Date of Award
Master of Arts (MA)
Special Education and Communication Disorders
Dr. Laurence Hilton
Dr. Tom Lorsbach
Dr. Blaine Ward
The ability to communicate one's needs, desires and knowledge is a basic requirement for succeeding in society. It is an ability that is taken for granted by most individuals for whom mastery seemed automatic. The stages of language acquisition and development in young children have been extensively researched and documented. A wide range of semantic abilities of college freshman also have been investigated. Beyond the traditional college age, eighteen to twenty-two years, little normative data concerning functional language ability is available. Information pertinent to the evolution of language functioning across the adult lifespan would be useful in planning appropriate goals for adults with acquired language disorders and in making decisions regarding the termination of therapy services for clients. In a related area, normative data concerning adult language proficiency would be beneficial in planning educational materials for the normal healthy adult population. There is, however, a crucial issue which must be addressed at the outset of a study which is proposing to describe and compare individuals of varying ages on ·a cognitive processing task. One must be cognizant of the fact that individuals of widely varying ages are functioning in response to different foundations of life experiences, educational backgrounds and physical well-being. In recognition of this, Arenberg (1977) suggested calling differences found in cross-sectional studies "age/cohort" differences. It must not be assumed that apparent age-related deficits have any direct ·causal relationship with the aging process. Such deficits may, in fact, be more closely related to societal factors (i.e. forced retirement, stereotypes) or health conditions (i.e. circulatory, renal, thyroid disorders) which, while more prevalent among the aged, are not a direct result of the the aging process. (Avorn, 1982; Craik & Byrd, 1982). The focus of this study was to investigate and compare the ability of adults from three age groups (18-30, 33-56, 65-86) to retrieve divergent lexical definitions for graphically presented homographs. A divergent processing task requires cognitive flexibility as well as the ability to purposefully shift one's attention. Previous research by Guilford (1967) and Chapey, Rigrodsky and Morrison (1975) provided the basis for the design of this study.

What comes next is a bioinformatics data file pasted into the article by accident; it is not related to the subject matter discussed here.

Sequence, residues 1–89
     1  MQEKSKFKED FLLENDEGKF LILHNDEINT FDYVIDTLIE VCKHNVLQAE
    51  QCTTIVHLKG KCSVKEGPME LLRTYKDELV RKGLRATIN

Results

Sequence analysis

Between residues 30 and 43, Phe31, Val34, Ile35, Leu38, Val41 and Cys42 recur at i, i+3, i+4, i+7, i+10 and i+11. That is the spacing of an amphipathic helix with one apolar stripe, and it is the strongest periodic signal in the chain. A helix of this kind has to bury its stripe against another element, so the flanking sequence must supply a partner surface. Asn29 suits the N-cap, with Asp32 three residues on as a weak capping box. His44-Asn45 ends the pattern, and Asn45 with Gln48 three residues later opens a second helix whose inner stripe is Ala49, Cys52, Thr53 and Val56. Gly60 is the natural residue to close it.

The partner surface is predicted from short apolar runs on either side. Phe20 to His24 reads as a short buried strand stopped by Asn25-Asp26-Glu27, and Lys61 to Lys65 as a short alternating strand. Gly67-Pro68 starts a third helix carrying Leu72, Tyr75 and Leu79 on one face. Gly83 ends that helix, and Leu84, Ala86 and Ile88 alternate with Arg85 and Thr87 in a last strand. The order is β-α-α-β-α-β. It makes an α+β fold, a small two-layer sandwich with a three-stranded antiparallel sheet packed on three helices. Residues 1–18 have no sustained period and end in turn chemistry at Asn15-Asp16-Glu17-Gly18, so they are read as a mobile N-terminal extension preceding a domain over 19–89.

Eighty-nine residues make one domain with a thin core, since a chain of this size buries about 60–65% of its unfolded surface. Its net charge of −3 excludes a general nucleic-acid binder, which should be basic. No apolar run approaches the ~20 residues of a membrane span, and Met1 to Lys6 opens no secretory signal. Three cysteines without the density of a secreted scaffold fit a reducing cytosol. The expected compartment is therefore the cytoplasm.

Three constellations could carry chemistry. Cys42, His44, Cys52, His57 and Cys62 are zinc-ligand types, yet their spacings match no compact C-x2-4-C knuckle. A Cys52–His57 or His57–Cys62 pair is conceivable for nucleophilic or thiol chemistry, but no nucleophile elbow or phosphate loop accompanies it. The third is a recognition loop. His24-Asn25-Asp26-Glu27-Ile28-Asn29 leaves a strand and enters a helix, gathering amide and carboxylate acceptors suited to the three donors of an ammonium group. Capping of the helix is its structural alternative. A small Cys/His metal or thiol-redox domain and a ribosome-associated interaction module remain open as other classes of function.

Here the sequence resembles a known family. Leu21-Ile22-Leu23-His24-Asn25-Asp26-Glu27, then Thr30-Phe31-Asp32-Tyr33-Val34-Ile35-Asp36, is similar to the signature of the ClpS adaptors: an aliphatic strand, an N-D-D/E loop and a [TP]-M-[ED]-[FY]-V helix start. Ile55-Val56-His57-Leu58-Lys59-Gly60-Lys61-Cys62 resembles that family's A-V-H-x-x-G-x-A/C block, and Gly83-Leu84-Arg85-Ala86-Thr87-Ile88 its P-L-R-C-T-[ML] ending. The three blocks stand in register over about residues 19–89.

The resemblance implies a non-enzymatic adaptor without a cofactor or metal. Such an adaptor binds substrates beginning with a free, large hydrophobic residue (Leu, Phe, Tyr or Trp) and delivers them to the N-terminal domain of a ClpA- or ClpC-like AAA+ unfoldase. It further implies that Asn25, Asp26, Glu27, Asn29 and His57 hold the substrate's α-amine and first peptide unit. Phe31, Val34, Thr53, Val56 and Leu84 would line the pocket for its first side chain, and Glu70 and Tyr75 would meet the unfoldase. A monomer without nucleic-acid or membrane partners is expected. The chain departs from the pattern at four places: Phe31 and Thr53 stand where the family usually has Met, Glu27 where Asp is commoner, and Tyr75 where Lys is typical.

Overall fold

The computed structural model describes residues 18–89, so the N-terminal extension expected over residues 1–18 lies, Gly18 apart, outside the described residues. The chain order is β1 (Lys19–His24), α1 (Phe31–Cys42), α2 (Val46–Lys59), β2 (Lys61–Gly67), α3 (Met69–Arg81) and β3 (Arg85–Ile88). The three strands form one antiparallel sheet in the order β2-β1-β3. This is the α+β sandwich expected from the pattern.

Gross, Barbara J., "Retrieval of divergent lexical definitions of homographs in young, mature and elderly adults." (1985). Student Work. 2978.